Getting your Evanston news from Facebook? Try the Evanston RoundTable’s free daily and weekend email newsletters – sign up now!

The arrest of a juvenile for riding a bike after dark without proper illumination led to controversy at the Oct. 5 Human Services Committee. Alderman Brian Miller, 9th Ward, as part of the Committee’s routine review of complaints filed against the Evanston Police Department, questioned the rationale for stopping and ticketing such bike riders.

The matter first appeared before the Committee at its Sept. 4 meeting. At that time, Ald. Miller asked Commander Diane Davis to provide a list of all bicycle citations issued in the past year. The October Committee packet included the list – and it contained only three entries.

“You wanted to know” how many tickets were issued for bicycle violation other than riding on the sidewalk, said Commander Davis. “We only have three.”

Ald. Miller said he found the information “extremely troubling.” The incident in question involved two individuals who were bike- riding in an unidentified neighborhood and pulled over by the police and issued citations. Both were handcuffed and leaned against an unmarked police car. One of the riders took his ticket and left the scene, though he later complained about the treatment he received.

The second, a juvenile, was uncooperative to the point of being arrested and transported to the police station. His complaint included allegations of violence, threats, improper language, and unprofessional behavior. All the complaints were dismissed as either unfounded –  meaning there was no evidence to support, or not sustained, meaning there was insufficient evidence.

Ald. Miller, however, questioned the rationale behind pulling over the riders in the first place. “If I were stopped for riding my bike without illumination, I’d be upset, too,” he said. “It isn’t necessary.”

“Probably instead of asking how many tickets” the Police Department issued “for no illumination, perhaps you should be asking about bicycle theft,” said Commander Davis. Everything the EPD does “has a cause,” she added. “We do have ongoing investigations.” Bicycle thefts have been on the rise, and the EPD is working to halt that increase. The department knows the locations of reported thefts.

“That’s extremely troubling to me,” said Ald. Miller. “Within targeted areas of enforcement we’re stopping people because” of bike lights, while in other parts of the City such stops would never occur.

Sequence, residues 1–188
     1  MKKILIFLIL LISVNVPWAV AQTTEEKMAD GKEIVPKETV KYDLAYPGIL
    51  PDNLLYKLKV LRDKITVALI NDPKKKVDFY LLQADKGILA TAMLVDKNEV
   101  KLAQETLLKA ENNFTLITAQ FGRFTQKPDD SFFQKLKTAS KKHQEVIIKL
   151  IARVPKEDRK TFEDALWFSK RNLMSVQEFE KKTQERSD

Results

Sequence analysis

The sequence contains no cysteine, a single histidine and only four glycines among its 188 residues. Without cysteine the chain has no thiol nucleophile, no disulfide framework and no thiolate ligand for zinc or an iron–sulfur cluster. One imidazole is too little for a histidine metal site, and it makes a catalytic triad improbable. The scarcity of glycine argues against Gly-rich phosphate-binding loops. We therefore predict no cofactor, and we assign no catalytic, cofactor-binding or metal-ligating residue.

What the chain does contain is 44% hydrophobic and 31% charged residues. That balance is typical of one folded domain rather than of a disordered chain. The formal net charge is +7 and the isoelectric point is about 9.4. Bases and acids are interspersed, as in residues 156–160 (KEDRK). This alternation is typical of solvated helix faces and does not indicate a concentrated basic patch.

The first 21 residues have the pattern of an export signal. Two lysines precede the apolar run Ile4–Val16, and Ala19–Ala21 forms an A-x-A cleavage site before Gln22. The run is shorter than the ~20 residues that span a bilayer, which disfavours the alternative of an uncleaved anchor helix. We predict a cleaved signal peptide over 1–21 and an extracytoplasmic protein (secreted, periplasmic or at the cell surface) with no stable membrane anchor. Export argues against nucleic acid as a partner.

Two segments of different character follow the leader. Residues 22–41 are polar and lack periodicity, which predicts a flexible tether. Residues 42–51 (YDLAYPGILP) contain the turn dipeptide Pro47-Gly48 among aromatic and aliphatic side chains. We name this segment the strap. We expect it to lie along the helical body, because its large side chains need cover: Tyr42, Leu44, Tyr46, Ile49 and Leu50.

“Yes we will stop people on a bike” after reports of stolen bikes said Commander Davis.

“Honestly, to me that’s really troubling,” said Ald. Miller. “Reasonable suspicion, to me,” should lead to stopping anyone on a bike. The location of the biker should not matter, he said.

City Manager Wally Bobkiewicz then took the lectern, saying Evanston Police officers “take all factors into account” when initiating traffic stops, including bicycle stops. Juveniles riding bikes past curfew without illumination would be factors taken into consideration, he said.

“I understand why they [the Complainants] would be upset by” being stopped for not having a bike light, responded Ald. Miller.

“People who have light out” on their car are often upset to be stopped, said Mr. Bobkiewicz. Community standards come into play, he said. Bike stops should offer “an opportunity to educate,” to provide a warning, and possibly change future behavior. “In this case it escalated,” he said.

The police department has issued hundreds of tickets to bike riders for rising on the sidewalk, Mr. Bobkiewicz added, because City Council and the community made it clear they wanted the sidewalk ordinance to be enforced. He referred to 1961 Evanston rules he recently reviewed containing “very strict rules” regarding bicycles. If Council directed such, Evanston could make the policy decision to reinstitute stricter rules and regulations and enforcement.

Alderman Delores Holmes, 5th Ward, took the opportunity to renew her repeated call for license plates on bicycles. “Bikes without proper lighting out at night might get hit, she said. Licensing could provide a partial solution. I just think that would have helped,” she said.

Alderman Jane Grover, 7th Ward, called for comprehensive bicycle testing and training.

Alderman Mark Tendam, 6th Ward, recalled several instances when bikers riding without lights caused problems in his ward. In one case, he nearly collided with a biker but saw the rider at the last moment. “The only thing illuminated was his iPhone,” he said. If the rider had not been using the phone, Ald. Tendam said, he would never have seen him. “It’s very dark at night,” he added.

“This is why I don’t exercise at all,” said Ald. Miller.